Our JSE is down 6% this year and most of the global indicies are in the same space. Both PMX and OM Multi managers are doing the best they can, ensuring you have a well-balanced portfolio spread across various asset classes, and also across a number of world-leading asset managers.

We will share updates with you in your review meeting: information relating to market performance; we aim to give you a greater understanding of the current investment climate. It’s useful to remind ourselves that last year was probably the toughest year for South Africa in the post apartheid era: sentiment was at an all-time low, yet our JSE still delivered a 21% return.

Change in Chartered’s reporting to clients

At Chartered, we have been working on creating a reporting communique that is comprehensive and easy-to-read. We are happy to announce that, from the beginning of July, you, our clients, will no longer receive the communique entitled Interest. Rather, you will receive Navigating the Tides which is your new weekly economic market update. If you have unsubscribed before, you will find we have re-subscribed you, giving you the option to consider this new format. If you don’t receive it, please check your junk mail or spam folder – your server may be filtering it out.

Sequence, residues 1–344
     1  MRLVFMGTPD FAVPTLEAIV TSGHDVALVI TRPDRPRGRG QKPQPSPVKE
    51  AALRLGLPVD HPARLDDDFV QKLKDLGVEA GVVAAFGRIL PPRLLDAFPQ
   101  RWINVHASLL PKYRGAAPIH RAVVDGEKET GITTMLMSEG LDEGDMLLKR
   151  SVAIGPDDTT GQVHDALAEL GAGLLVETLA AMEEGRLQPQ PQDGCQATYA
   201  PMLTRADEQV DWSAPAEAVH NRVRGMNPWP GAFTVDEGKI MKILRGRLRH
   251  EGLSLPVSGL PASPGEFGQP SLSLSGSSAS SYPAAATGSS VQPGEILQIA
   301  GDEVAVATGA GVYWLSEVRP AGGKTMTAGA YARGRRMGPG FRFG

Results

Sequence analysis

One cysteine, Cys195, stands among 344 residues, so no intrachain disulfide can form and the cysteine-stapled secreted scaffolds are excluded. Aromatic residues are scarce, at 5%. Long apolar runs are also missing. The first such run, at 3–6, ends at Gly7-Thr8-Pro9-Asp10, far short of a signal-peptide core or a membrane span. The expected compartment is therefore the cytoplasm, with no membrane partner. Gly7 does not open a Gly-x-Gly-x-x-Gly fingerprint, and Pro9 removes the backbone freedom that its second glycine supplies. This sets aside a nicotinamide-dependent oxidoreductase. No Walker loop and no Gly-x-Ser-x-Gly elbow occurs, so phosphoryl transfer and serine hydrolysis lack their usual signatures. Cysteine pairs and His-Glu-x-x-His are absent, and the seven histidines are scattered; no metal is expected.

As always, Chartered Wealth Solutions is hard at work to continue improving on the service we offer our clients, and to keep our relationship based on trust and reliability. I appreciate discussions with our clients, be it face-to-face at events or via email, so feel free to continue to communicate with me.

Warm regards

The cure lies in the cause

Wellness is not a point in time, but a continuous cycle. It is a continuum of cause and effect.

Stress, anxiety and trauma are the most common reasons why people are unwell today.